Albertans revere the Eastern Slopes

The writer argues that the provincial government has seriously misjudged the sentiments of Albertans and their deep-seated appreciation of the Eastern Slopes. | Mike Sturk photo

On an early 1970s university field trip to the coal strip mines of British Columbia’s Elk Valley, a small group of us listened in disbelief to a mining engineer’s description of how they were levelling one of the mountains.

Somewhat in shock at this cavalier attitude, we asked if this was wise, environmentally, ethically and perhaps in the back of our minds, spiritually to do this.

His response was equally shocking.

“Look around,” he said. “We have so many mountains in B.C., we won’t miss one.”

He had a point. B.C. is mostly mountain landscapes and, in his mind, had a surplus of them. But Alberta isn’t in that enviable position. Our share of the Rocky Mountains and their foothills is meagre by comparison. In contrast to B.C., we depend much more on our Eastern Slopes, especially as a primary water source.

Maybe our reverence for the Eastern Slopes started before Alberta was a province with federal bureaucrats like William Pearce and J. B. Harkin.

They ensured most of the Eastern Slopes were set aside from settlement — for national parks, as game reserves, for watershed protection and as a timber source.

The Eastern Slopes Policy of the 1970s cemented in Albertan’s minds that these landscapes were important, that they had to be protected and properly maintained and that it was a matter of public trust that they were maintained.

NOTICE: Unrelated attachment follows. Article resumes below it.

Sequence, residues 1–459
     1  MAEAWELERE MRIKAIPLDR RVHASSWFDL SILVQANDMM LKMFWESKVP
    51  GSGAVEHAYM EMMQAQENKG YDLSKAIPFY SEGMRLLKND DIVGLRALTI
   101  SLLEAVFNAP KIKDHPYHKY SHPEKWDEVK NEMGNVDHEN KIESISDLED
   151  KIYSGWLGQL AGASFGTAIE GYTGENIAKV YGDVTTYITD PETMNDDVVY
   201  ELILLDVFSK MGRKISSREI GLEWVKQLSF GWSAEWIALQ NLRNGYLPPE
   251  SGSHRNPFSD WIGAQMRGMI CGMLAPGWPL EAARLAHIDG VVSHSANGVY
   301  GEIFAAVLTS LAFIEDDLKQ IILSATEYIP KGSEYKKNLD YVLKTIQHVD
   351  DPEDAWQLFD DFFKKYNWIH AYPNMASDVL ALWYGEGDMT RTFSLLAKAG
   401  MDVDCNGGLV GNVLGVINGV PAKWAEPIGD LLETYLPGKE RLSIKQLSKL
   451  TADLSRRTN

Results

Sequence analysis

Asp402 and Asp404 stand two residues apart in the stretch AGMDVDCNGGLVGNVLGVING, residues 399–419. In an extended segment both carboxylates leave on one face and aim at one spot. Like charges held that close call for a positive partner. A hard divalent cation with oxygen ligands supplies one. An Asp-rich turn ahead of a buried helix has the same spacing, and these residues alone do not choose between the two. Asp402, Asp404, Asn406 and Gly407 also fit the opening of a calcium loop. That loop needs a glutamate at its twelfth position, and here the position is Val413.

Whether through history, experience or perhaps osmosis, Albertans have come to view the Eastern Slopes as sacrosanct, a landscape dedicated to the public good.

The idea and images of mountain tops blasted off, stream valleys filled with overburden, water contaminated, lost recreation opportunities and diminishing biodiversity have galvanized Albertans.

When Albertans travel to (or even think about) the Eastern Slopes, we pass from the developed, the civilized, the tamed and the known, to another place — a place of unknowns, the unexplored, the intangible and maybe the mystical.

Many Albertans can’t travel to such exotic locations but we can go to the province’s backyard — the Eastern Slopes. Few things are as important as a person’s backyard and clean drinking water. Meddle and tinker with either and the consequences aren’t trivial.

The provincial United Conservative Party government has seriously misjudged the sentiments of Albertans and our deep-seated appreciation of the Eastern Slopes. On top of existing cumulative impacts, throwing open the Eastern Slopes to coal mining represents a serious violation of the public’s trust and a failure to properly steward these landscapes for the public good.

Efforts to stimulate the economy by aiding and abetting a sunset industry have all the hallmarks of blinkered thinking. Much like a murder of crows mesmerized by a shiny bauble, the UCP seems fixated on coal as an economic generator, at the expense of destroying an iconic part of what makes living in Alberta enjoyable and rewarding.

The Eastern Slopes that Albertans want and need can’t survive deals shrouded in secrecy, an out of step economic ideology and an agenda rife with disingenuous spin, especially on what is or isn’t a mountain-top coal mine. There is a crying need to return to legitimate, evidence-based and un-politicized land-use planning.

Albertan’s message is loud and clear — we do not support the squandering of the integrity of the Eastern Slopes for a pocketful of economic baubles.

Is the UCP listening? We’ll see.

Lorne Fitch is a professional biologist, a retired provincial Fish and Wildlife biologist and a former adjunct professor at the University of Calgary.

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